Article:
Worst of coronavirus crisis for IT contractor hiring may be over, says REC
The first green shoots of a labour market recovery for IT contractors – albeit with roots still firmly planted in negative territory – bloomed in May, defying the coronavirus crisis.
Describing its data for all agency staff as “bleak,” the REC said its Report on Jobs shows hiring freezes remain, as workforce “expansion” is still off-limits due to the pandemic.
The ‘lingering uncertainty taking its toll’ seeped into the IT contractor market too, where demand is just 18.1, the report says, way off 50.0, the score above which roles are in growth.
But 18.1 marks an uptick on where REC agencies put IT skills demand on a contract basis in April -- a frail 11.9. Even April’s larger seasonally adjusted score, 12.5, signals a turnaround.
'Worst may well be behind us'
“Demand for temporary, contract IT staff decreased in May, but at a slower rate than it did in April,” a spokesman for the Recruitment & Employment Confederation (REC) told ContractorUK.
“This, and the feedback we’re getting from recruiters in person, indicates that the worst may well be behind us, and the [IT contractor] labour market is slowly starting to recover.”
Moreover, in the days since the report’s data was collated, REC’s CEO Neil Carberry has taken to LinkedIn to report a shift in the feedback from ‘on the ground’ decision-makers.
'More temps out'
“There’s definitely a sign that the wheels are starting to move; just slowly – but starting,” he said in an online video.
“Whether that’s more temps out, or more jobs to fill...certainly it’s positive momentum -- for the first time in a couple of months.”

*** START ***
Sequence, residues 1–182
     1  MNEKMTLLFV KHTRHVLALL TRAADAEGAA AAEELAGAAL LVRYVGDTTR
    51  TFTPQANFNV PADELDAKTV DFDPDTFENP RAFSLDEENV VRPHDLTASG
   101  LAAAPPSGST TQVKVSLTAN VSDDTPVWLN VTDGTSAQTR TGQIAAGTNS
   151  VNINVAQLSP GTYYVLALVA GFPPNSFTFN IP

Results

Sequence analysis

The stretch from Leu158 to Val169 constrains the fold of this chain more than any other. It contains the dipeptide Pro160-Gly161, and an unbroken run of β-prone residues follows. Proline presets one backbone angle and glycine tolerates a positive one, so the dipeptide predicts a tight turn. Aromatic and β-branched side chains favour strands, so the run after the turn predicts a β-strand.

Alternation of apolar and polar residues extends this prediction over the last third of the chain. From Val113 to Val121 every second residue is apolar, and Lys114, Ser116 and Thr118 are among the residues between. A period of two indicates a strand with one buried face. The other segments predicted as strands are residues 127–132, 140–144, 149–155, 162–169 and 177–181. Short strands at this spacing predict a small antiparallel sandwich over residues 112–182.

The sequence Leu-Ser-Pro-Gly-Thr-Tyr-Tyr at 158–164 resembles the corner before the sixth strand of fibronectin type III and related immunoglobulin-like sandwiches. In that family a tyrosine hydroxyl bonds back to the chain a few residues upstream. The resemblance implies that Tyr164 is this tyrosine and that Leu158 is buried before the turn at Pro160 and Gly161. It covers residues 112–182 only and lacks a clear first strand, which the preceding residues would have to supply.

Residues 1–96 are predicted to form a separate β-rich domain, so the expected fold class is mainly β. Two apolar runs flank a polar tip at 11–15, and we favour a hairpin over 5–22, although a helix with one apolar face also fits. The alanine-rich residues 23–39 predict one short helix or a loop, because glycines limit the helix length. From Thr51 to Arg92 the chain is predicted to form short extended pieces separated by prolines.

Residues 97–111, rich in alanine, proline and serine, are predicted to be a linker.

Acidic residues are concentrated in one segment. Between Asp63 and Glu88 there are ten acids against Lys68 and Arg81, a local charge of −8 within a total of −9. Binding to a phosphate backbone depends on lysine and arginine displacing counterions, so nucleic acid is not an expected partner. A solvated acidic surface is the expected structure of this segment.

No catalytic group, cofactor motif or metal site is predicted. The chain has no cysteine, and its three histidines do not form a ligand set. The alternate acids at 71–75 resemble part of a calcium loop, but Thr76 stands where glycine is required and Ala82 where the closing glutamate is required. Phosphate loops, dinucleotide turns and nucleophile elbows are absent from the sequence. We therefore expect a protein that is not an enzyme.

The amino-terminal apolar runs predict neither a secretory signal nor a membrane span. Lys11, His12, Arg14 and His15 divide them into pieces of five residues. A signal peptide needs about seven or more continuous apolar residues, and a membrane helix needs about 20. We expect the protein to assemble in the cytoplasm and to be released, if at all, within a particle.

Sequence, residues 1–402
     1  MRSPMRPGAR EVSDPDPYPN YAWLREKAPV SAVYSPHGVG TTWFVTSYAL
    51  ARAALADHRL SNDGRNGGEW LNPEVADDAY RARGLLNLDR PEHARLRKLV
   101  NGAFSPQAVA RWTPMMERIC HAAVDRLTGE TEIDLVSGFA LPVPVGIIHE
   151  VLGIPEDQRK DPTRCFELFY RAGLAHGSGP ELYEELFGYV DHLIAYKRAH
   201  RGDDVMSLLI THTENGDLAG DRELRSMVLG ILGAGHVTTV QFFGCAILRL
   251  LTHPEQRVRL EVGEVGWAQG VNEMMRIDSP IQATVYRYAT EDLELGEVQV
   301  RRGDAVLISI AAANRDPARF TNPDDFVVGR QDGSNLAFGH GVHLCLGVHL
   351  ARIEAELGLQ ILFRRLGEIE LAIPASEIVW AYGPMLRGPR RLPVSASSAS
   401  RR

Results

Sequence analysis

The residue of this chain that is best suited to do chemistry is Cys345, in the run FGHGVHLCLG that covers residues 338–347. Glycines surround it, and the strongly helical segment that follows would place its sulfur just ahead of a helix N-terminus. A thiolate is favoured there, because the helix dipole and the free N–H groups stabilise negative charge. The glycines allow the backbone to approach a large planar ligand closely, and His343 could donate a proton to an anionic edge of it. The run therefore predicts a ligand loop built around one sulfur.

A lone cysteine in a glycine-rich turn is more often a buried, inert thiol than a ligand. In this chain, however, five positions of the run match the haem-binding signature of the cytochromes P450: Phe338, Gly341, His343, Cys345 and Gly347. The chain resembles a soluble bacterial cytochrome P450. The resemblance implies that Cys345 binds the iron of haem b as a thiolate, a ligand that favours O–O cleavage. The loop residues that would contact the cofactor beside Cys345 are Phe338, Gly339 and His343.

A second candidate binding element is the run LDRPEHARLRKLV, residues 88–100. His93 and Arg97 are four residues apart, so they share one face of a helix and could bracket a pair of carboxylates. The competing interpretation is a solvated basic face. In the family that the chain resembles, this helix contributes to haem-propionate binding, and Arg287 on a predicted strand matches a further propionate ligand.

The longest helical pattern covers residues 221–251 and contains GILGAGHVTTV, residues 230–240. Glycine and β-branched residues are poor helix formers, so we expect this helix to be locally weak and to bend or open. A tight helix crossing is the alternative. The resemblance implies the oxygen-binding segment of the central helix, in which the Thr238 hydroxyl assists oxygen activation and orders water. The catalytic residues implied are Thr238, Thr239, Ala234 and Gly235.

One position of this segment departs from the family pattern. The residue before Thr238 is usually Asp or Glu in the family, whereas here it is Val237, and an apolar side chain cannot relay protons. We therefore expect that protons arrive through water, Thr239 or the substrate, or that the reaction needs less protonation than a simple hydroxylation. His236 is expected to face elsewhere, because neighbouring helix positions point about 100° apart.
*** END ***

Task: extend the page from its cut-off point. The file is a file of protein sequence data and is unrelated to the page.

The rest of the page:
In the IT contractor market, the pool of skills identified by the confederation’s recruiters as being “in short supply” remains extremely narrow, however.
In fact, there are just five which the agents say they struggled to find among contractor candidates in May; Analysis, Data Science, Database Development, IT and Technology.
“The number of people looking for work has risen at the quickest rate since July 2009, making it a highly competitive market,” says James Stewart of KMPG, which co-authors the report.
“With a potential July stimulus package from the government set to include a focus on retraining and skills, adaptability will be the key to success for job-seekers”.
In the permanent IT staff market, skills shortages are more visible, as agents are struggling to find the skills not easily found among contractors (except Analysis), plus six more.
The six are; C#, CNC, Design Management, Development, Java and Software Engineering.
'Jobs market is starting to stabilise'
Meanwhile, Indeed.com says occupations enjoying small hiring spikes likely reflect the requirement for workplaces to adjust to new social distancing measures, “as more types of business are allowed to open.”
The jobsite’s economist Jack Kennedy also said: “Vacancies plunging at the start of April [is the gist of the latest ONS data]. But [our] latest job postings…indicate the jobs market is starting to stabilise.”
At the REC, Mr Carberry said: “[Since] lockdown rules have been eased…the slight improvements that we can see in the placements’ and vacancies’ data have continued.
“I’m also hearing from business leaders all over the country that things are starting to look up. There is a long way to go, but it’s time to talk about how we recover from this crisis.”